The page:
In conjunction of World Environment Day which is happening on the 5th of June, we have Dr Renard Siew in the house to talk about his dedication towards creating a sustainable environment for our future. For starters, Dr Renard champions sustainable development and climate change here in Malaysia. On top of that, he plays one of the pivotal roles in the Global Shapers Community by representing Malaysia at the upcoming Sustainable Development Impact Summit in New York to put forth and discussing the most pressing issues in our home country. Read on to learn more about the man of the hour.
1. Hi Dr Renard! Please tell us more about yourself.
I’m Dr Renard Siew, Malaysia’s green warrior. I advocate for sustainable development and climate change. My mission in life is really to help engineer a more sustainable future for everyone.
2. What inspired you to take on an active role as an environmentalist and an advocate to sustainable development and climate change here in Malaysia?
My love for the environment was inculcated since young I would say- Captain Planet was definitely one of my all time favorite cartoons. Proud to say that I have never really missed an episode ! 🙂
Instead of reading fantasy storybooks like normal children would, I was exposed to real life stories through UNICEF and UNDP newsletters. We received these newsletters because my parents were very charitable they would donate faithfully to these organizations every month. I remembered reading about how people in different parts of the world were suffering from a wide range of issues- water scarcity, air pollution and I knew even then that I wanted to do something to help improve people’s quality of life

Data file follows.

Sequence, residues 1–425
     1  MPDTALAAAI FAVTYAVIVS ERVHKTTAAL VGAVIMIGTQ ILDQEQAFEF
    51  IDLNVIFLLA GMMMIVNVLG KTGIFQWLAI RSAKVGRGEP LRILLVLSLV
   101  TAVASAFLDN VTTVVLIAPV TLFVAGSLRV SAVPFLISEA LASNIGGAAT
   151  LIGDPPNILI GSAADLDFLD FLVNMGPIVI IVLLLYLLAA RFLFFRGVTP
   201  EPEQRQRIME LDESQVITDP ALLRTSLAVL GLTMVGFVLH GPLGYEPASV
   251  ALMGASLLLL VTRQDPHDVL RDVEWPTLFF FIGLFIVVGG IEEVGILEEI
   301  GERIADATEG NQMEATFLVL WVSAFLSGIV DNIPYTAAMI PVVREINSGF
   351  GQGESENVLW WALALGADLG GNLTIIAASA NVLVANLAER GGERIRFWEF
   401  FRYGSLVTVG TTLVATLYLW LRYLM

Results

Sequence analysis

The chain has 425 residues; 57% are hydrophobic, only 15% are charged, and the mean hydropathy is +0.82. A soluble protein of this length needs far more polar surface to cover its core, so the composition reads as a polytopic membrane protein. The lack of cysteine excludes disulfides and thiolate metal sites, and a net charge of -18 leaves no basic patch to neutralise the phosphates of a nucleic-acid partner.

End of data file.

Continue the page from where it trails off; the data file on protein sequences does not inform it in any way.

Back in the days, a career in sustainability didn’t really exist. Most Asian children were only asked to consider being either a doctor, engineer or lawyer. What I do recall however is watching Ban Ki-Moon live on TV. He had just been elected then as the Secretary General of the UN. I remembered thinking to myself how powerful this Asian figure was and what he represented was truly noble. I was really inspired by him to go into a similar field of work.
3. Congratulations for being one of the 15 people selected to represent the Global Shapers Community at the Sustainable Development Impact Summit in New York! We believed that you’ve been to countless talks as such. What are some of the preparations to be made prior to this particular Summit itself?
The Sustainable Development Impact Summit is an important one as it will gather some of the most powerful stakeholders in the world. Each of the 15 Shapers selected will be putting forth and discussing the most pressing issues in their home countries. Likewise, I feel blessed that I’d been given ‘a seat on the table’ to represent Malaysia. I intend to highlight the need to protect Malaysia’s biodiversity and our move towards a low carbon society. A lot of homework and research on our country’s policies and international commitments needed prior to this event.
4. Malaysia has reformed its government and is currently firefighting pressing issues like our nation’s financial woes. With your influence and connection, how do you ensure that beneficial environmental projects are not neglected by the leaders of our nation?